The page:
BELGRADE (Reuters) - The Socialist Party of late strongman Slobodan Milosevic held the key to power in Serbia on Monday after an inconclusive election in which voters punished the ruling Democratic Party for their economic woes.
The Democrats, part of a reformist bloc that ousted Milosevic in 2000 and tilted Serbia westwards, saw their support crumble to some 23 percent from 38 percent in 2008, hurt by a downturn that has left a quarter of the workforce jobless.
After years of teetering between pro-Western reformers and pro-Russian nationalists, Sunday’s elections for president and parliament were marked by a consensus between the main political blocs, who now share a goal of EU membership.
The right-wing Serbian Progressive Party, former allies of Milosevic who came first in the parliamentary poll with around 25 percent, will try to lure the Socialists away from their existing alliance with the Democrats.
With the Socialists in the driving seat, the horse-trading to build a government may take up much of the available 90 days.
Most analysts, however, ultimately expect them to renew the coalition with President Boris Tadic’s Democrats that this year clinched official candidate status for EU membership.
“They have a happy marriage behind them and after all, better the devil you know than the angel you don‘t,” said Nenad Sebek, head of the Centre for Reconciliation and Democracy think-tank.
The SNS, led by former ultranationalists under Tomislav Nikolic who say they now favor EU accession, will likely command 73 of parliament’s 250 seats once all the votes are in, while the Democrats are set for 68 seats.
Even with the Socialists’ 45, either of the main parties would need other allies to get to a majority.
The Liberal Democratic Party, on 20, would sit more easily with the Democrats, while the far-right Democratic Party of Serbia, also on 20, would be more natural allies for the SNS. Other minority groups might go either way.
Any new government will have to tackle the economy, which is suffering from the crisis in the euro zone, the Balkans’ main trading partner. The average Serbian earns 380 euros a month. The economy is forecast to grow just 0.5 percent this year.
The daily Politika said the outgoing Socialist interior minister, Milosevic’s former spokesman Ivica Dacic, would demand the post of prime minister.
“Whoever wants to talk to us...will have to understand that we have risen from the ashes,” Dacic told jubilant supporters in the capital, Belgrade.
Dacic has reformed the Socialists but does not apologize for Milosevic’s role in fomenting war in Croatia, Bosnia and Kosovo in the 1990s, conflicts that killed more than 100,000 people and drove his own country into poverty and international isolation.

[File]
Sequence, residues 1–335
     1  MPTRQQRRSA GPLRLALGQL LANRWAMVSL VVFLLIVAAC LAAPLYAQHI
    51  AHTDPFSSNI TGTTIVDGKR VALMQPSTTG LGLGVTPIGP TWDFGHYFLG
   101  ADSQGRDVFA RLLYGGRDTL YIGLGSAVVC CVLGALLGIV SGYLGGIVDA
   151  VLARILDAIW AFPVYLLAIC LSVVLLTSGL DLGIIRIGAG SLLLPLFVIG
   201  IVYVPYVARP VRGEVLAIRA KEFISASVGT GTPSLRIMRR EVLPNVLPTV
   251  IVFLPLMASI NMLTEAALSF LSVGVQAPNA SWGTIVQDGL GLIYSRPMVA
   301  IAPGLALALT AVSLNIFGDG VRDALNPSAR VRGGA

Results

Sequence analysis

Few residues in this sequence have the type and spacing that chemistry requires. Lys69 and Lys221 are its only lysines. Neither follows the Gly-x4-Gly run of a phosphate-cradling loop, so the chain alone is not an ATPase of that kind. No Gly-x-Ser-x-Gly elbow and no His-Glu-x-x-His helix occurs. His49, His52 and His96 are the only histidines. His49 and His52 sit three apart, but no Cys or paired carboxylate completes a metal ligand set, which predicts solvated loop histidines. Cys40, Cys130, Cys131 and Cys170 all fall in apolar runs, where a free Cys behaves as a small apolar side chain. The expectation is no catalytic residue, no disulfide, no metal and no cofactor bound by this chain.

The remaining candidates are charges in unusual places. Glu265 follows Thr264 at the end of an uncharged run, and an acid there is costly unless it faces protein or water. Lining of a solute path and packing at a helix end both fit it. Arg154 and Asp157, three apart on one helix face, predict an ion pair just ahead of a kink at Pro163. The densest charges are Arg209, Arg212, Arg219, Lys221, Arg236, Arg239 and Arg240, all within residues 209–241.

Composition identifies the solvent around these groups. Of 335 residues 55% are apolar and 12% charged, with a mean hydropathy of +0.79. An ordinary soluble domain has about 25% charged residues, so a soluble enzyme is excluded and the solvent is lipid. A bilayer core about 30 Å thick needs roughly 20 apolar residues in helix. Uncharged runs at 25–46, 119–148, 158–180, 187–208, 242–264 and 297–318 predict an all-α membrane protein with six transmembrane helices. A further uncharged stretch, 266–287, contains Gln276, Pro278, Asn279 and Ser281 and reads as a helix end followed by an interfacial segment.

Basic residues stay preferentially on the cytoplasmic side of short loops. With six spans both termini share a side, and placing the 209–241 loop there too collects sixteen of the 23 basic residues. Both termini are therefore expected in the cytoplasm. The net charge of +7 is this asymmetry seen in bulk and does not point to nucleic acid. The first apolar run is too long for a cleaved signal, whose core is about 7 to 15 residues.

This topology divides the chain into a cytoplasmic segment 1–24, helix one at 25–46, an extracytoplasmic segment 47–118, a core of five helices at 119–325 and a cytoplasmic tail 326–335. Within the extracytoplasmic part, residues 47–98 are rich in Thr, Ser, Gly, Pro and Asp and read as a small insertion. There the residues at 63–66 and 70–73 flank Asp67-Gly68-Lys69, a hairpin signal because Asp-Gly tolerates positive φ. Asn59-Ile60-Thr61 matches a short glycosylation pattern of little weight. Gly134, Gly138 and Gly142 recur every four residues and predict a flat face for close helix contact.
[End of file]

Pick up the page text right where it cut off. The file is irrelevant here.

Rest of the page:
He favors EU membership for Serbia but is hostile towards the International Monetary Fund (IMF) and the prospect of Serbia seeking new funds from it. He has also pledged to protect state assets from privatization and said pensions should be raised.
“Since a new government without the Socialists is unlikely...we can expect even more socialism in Serbia,” said economic analyst Aleksandar Stevanovic.
“That can’t bring a rise in living standards, unless the Socialists in practice trample on most of the promises that brought them such a good result.”
The Democrats are favorites to retain the less important presidency. In updated results, Tadic edged out Nikolic by 26.7 to 25.5 percent in Sunday’s presidential first round. Analysts expect Tadic to pick up more votes from defeated candidates in the second round on May 20.
Under Tadic’s Democratic Party, Serbia closed a dark chapter with the arrest and extradition of Bosnian Serb genocide suspects Radovan Karadzic and Ratko Mladic, and in March became an official candidate for EU membership.
The EU is weighing whether to open accession talks next year. They could run until 2020.
“The result makes a good environment for Serbia’s future advance towards the EU,” Vincent Degert, head of the EU mission in Belgrade, told the Tanjug news agency.
The Serbian dinar shrugged off the results and opened unchanged at 111.85/112.10 per euro.
“We do not think the elections will be a factor until the full start of government talks and the second round,” said a dealer at a Belgrade bank.
Writing by Aleksandar Vasovic and Matt Robinson; Editing by Angus MacSwan